In a society, where perfection is celebrated and the media bombarded with ‘the so called perfected body types’. It then becomes hard to accept those stretch-marks, to accept that beautiful scar, that sagging skin, a half-cut breast, or whatever insecurities you have.
The point here is, stop hiding, stop feeling insecure, you are on a personal journey. You’re not here for anyone who won’t love you, flaws and all.
Make up can make anyone beautiful but confidence is the most beautiful quality to possess. When you are confident of your worth you become beautiful based on your belief in yourself and those around you won’t have a choice but to appreciate your candor.
These are real people with real flaws who decided to use the power of social media to break the silence and shut down haters up once and for all time. So when next you feel afraid to be yourself without the make-up and falsies, remember, you’re on a personal journey, you aren’t here for anybody.
Some people who have real flaws and are proud of them includes:
In March 2015, Catherine Keeney had to make a choice when she discovered she had a 97% chance of getting breast cancer one day. She would either run a 50/50 bargain on her breasts and hope the one day never comes or take a preventative prophylactic bilateral mastectomy. She chose preventative mastectomy.
Ciera Swaringen, a 19-year-old from North Carolina, was born with Giant Congenital Melaocytic Nevus, a dermatological condition that leads large moles to appear on more than two-thirds of her body. She was always mocked for the way she looked and shied away from high school boys who were the meanest.
Finally, Swaringen realized what makes her different makes her beautiful and this year making sure she got pictures of her birthmarks from all angles.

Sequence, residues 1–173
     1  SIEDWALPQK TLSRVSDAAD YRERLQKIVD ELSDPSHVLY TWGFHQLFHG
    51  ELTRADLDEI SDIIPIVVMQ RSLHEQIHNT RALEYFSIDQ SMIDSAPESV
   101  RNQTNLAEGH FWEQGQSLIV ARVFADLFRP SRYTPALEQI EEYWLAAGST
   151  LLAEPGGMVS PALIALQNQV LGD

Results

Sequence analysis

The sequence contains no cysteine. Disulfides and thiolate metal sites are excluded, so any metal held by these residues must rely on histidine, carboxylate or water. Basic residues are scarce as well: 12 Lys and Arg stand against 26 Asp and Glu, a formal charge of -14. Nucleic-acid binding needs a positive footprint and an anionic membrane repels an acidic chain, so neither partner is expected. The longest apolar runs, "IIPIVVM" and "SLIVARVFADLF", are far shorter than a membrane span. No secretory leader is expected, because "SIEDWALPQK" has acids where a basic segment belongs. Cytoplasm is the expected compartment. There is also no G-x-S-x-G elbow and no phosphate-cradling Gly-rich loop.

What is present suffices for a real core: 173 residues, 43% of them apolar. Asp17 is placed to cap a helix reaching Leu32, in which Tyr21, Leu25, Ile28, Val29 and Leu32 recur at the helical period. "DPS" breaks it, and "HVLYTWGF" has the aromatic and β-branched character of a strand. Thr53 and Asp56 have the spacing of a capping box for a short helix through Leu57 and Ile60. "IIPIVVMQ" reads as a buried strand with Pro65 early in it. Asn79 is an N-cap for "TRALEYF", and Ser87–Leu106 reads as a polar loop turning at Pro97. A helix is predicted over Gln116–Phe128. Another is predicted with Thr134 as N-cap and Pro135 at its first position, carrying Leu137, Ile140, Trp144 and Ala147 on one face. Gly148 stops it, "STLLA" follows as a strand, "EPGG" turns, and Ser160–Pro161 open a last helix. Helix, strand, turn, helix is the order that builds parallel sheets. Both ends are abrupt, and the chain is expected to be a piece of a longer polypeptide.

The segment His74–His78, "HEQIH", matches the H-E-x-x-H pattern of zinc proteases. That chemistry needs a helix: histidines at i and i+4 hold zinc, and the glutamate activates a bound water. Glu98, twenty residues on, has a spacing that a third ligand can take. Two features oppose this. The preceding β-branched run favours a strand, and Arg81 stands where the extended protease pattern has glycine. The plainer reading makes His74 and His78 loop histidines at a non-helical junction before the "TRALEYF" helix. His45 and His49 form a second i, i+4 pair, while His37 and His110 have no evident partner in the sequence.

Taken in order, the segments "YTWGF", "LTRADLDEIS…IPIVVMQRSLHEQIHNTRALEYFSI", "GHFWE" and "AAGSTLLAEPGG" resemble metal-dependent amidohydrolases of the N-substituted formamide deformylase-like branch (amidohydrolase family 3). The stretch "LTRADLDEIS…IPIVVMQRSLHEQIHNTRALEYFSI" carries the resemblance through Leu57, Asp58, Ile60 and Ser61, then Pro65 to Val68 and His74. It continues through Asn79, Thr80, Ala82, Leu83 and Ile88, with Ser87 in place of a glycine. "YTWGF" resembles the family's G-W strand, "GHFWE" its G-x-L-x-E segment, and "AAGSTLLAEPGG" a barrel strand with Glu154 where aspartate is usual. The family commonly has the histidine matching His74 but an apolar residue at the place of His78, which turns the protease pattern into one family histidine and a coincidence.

Michelle Elman, had had 15 surgeries, a brain tumor, a punctured intestine, an obstructed bowel, a cyst in brain and have lived for the last 21 years with a condition called Hydrocephalus. She always felt ashamed of her body and recently got courageous enough to wear and even post a picture of her flaws and all on Instagram. And the love has been immense, which is quite unlike Instagram which goes to prove that there are really real people too on social media.
She posted this comment with image.
PEOPLE WITH SCARS CAN’T WEAR BIKINIS This is what I have believed for the last 21 years of my life and when asked in January why I never wear bikinis, this horrible sentence came out of my mouth. I was shocked – at myself! I had had 15 surgeries, a brain tumour, a punctured intestine, an obstructed bowel, a cyst in brain and have lived for the last 21 years with a condition called Hydrocephalus yet somehow my scars have always been the hardest part. They make already awkward moments in your adolescence even more uncomfortable – like taking your top off for the first time in front of your boyfriend, and made me feel even more isolated in a world where I felt no one could understand.
At age 7, I tried on my first bikini and after receiving a range of reactions from disgust to pity, it soon became easier to hide away and be doomed to a life of tankinis and one-pieces. Why did I believe this? Because over the years, I have learnt that my scars make people uncomfortable. I had become ashamed of my body and soon other people’s disgust became my own and this was allowed to be the case because of one simple reason – I had no one to talk to about it.